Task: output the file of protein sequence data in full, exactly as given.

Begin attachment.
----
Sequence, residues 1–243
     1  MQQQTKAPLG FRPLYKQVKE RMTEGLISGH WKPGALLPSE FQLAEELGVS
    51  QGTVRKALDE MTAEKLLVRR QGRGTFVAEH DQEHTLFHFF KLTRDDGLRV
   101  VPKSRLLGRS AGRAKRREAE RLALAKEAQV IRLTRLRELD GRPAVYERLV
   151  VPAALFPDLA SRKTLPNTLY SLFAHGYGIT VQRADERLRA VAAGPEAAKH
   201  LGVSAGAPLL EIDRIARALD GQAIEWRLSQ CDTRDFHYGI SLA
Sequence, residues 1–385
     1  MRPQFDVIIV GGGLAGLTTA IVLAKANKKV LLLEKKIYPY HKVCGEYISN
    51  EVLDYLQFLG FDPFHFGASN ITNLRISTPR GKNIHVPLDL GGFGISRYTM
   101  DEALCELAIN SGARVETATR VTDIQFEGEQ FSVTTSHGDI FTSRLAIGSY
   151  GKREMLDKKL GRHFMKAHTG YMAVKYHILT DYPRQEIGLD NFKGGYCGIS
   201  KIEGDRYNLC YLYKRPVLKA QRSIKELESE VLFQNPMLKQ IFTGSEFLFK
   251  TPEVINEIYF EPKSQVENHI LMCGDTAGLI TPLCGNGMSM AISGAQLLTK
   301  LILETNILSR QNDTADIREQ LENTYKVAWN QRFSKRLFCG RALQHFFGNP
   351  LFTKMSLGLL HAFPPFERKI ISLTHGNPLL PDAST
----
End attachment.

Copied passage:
Sequence, residues 1–243
     1  MQQQTKAPLG FRPLYKQVKE RMTEGLISGH WKPGALLPSE FQLAEELGVS
    51  QGTVRKALDE MTAEKLLVRR QGRGTFVAEH DQEHTLFHFF KLTRDDGLRV
   101  VPKSRLLGRS AGRAKRREAE RLALAKEAQV IRLTRLRELD GRPAVYERLV
   151  VPAALFPDLA SRKTLPNTLY SLFAHGYGIT VQRADERLRA VAAGPEAAKH
   201  LGVSAGAPLL EIDRIARALD GQAIEWRLSQ CDTRDFHYGI SLA
Sequence, residues 1–385
     1  MRPQFDVIIV GGGLAGLTTA IVLAKANKKV LLLEKKIYPY HKVCGEYISN
    51  EVLDYLQFLG FDPFHFGASN ITNLRISTPR GKNIHVPLDL GGFGISRYTM
   101  DEALCELAIN SGARVETATR VTDIQFEGEQ FSVTTSHGDI FTSRLAIGSY
   151  GKREMLDKKL GRHFMKAHTG YMAVKYHILT DYPRQEIGLD NFKGGYCGIS
   201  KIEGDRYNLC YLYKRPVLKA QRSIKELESE VLFQNPMLKQ IFTGSEFLFK
   251  TPEVINEIYF EPKSQVENHI LMCGDTAGLI TPLCGNGMSM AISGAQLLTK
   301  LILETNILSR QNDTADIREQ LENTYKVAWN QRFSKRLFCG RALQHFFGNP
   351  LFTKMSLGLL HAFPPFERKI ISLTHGNPLL PDAST